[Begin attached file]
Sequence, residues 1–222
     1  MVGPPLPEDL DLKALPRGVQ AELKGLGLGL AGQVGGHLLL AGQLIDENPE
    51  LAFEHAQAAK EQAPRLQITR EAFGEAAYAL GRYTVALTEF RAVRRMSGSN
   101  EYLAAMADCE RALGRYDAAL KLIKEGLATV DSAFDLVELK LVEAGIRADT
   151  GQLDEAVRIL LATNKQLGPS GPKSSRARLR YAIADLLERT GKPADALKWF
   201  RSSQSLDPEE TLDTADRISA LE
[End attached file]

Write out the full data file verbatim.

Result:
Sequence, residues 1–222
     1  MVGPPLPEDL DLKALPRGVQ AELKGLGLGL AGQVGGHLLL AGQLIDENPE
    51  LAFEHAQAAK EQAPRLQITR EAFGEAAYAL GRYTVALTEF RAVRRMSGSN
   101  EYLAAMADCE RALGRYDAAL KLIKEGLATV DSAFDLVELK LVEAGIRADT
   151  GQLDEAVRIL LATNKQLGPS GPKSSRARLR YAIADLLERT GKPADALKWF
   201  RSSQSLDPEE TLDTADRISA LE